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Saturday, May 18, 2024

Fort Worth is become the home of the National Juneteenth Museum

Opal Lee, then 89 years old, set out on a journey to Washington, D.C. from her home in Fort Worth in 2016 to lobby for the establishment of Juneteenth as a national holiday, which was accomplished in 2021. At addition, she has been running a little Juneteenth Museum in a house on Rosedale Street for the last almost 20 years. This house will also be used as a shooting setting for the movie “Miss Juneteenth,” which will be released in 2020.

This vision is moving closer to becoming a reality as plans move ahead for the National Juneteenth Museum, a project that will cost $70 million and has the goal of putting a shovel in the ground by the end of the year and opening in time for the Juneteenth festival in 2024.

The events that led up to the issuance of General Order No. 3 by Maj. Gen. Gordon Granger in Galveston, Texas, on June 19, 1865, informing the people of the state that “all slaves are free” in accordance with the Emancipation Proclamation will be the subject of investigation at the 50,000 square foot museum that was designed by the architecture firm Bjarke Ingels Group, also known as BIG. The museum was designed by BIG. After many months had passed, the 13th Amendment was finally enacted, and with it came the abolition of slavery in the last four border states that had been exempt from President Abraham Lincoln’s proclamation.

The project, which is located at the intersection of Rosedale Street and Evans Avenue in Fort Worth, is an attempt to reinvigorate the neighbourhood that was separated by the I-35W freeway in the 1960s and slid into decline as a result of this division. A research that was carried out in 2019 by the data business MySidewalk revealed that the region has a typical family income of around $26,000 and that one third of the local population lives below the poverty line established by the federal government.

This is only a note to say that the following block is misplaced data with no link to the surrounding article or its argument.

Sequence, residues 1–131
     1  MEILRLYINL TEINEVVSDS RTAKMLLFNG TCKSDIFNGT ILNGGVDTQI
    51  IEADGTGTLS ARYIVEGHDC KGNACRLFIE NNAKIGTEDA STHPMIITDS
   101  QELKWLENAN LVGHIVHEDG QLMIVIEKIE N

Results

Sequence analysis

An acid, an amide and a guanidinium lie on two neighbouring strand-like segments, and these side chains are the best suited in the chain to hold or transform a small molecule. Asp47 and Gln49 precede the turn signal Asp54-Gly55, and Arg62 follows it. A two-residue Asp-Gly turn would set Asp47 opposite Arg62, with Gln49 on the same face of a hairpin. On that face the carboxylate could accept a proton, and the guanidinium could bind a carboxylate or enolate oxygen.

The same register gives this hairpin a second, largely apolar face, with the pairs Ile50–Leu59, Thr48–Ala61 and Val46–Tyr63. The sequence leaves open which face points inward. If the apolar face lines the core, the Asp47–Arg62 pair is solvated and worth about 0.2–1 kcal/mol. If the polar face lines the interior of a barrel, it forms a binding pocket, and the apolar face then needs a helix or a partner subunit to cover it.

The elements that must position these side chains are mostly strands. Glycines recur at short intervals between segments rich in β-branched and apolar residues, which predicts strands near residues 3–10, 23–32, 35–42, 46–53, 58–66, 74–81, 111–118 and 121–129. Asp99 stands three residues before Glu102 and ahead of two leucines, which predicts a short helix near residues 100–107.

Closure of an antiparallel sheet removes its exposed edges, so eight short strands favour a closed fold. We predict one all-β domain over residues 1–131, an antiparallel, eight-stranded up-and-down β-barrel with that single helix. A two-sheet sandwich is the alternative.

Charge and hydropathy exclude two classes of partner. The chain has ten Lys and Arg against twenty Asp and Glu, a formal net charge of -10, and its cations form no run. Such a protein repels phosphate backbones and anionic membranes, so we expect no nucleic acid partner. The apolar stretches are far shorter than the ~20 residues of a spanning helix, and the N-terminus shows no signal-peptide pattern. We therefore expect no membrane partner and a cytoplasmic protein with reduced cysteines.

The new facility will have a business incubator that will encourage Black people to start their own businesses, a food hall that will feature culturally Black cuisine from local vendors, a theatre, and a performance space that is both flexible and adaptable.

In addition, Howard said that the project’s goal is to serve as an anchor for “a corridor for Black commerce,” bringing in other new companies to the neighbourhood. The city is already in the process of establishing the Evans & Rosedale Urban Village, which will cost a total of $13.2 million and will include townhouses and apartment buildings.

Private contributions from individuals, businesses, and foundations have been used to finance the museum up to this point; however, the museum is also looking for help from the government. The intention is to provide free entry, which will be made possible via various forms of fundraising as well as the revenue-generating features of the mixed-use complex. According to what Howard mentioned, the museum is originally estimating that its annual attendance would be 35,000, with a rise of 10% per year.

The design of the building will make use of materials such as strong wood and take inspiration from the gabled roofs and projecting porches that are common in the local architecture. This will be accomplished in partnership with local architects KAI, a company that is owned by a minority. “It will have a handmade feel to it,” said Douglass Alligood, the BIG partner in charge of the project, adding that he hoped the building would transmit “spiritual uplift” as Lee’s example did. “It will have a handcrafted character to it,” added Alligood.

“The national story is one we aim to concentrate on,” said Dione Sims, who is Lee’s granddaughter and the museum’s founding executive director. Although Galveston is the Texas place most identified with Juneteenth, “the national narrative is one we hope to focus on,” she added.

The museum will provide a comprehensive account of the abolition of slavery, highlighting key figures and organisations such as the Quakers, who were instrumental in guiding people to freedom in the northern United States; white and black abolitionist societies; the southern Underground Railroad that led to Mexico; and abolitionists such as Sam Houston, who, while serving as president of the Republic of Texas in 1837, passed a law that made it illegal to bring slaves into the state of Texas illegally.

In spite of the recent founding of institutions such as the National Museum of African American History and Culture in Washington, D.C., and the National Memorial for Peace and Justice in Montgomery, Alabama, as well as an effort by museums all over the world to better integrate Black history, Sims believes that there is still room for a national Juneteenth museum.

Jonathan James
Jonathan James
I serve as a Senior Executive Journalist of The National Era
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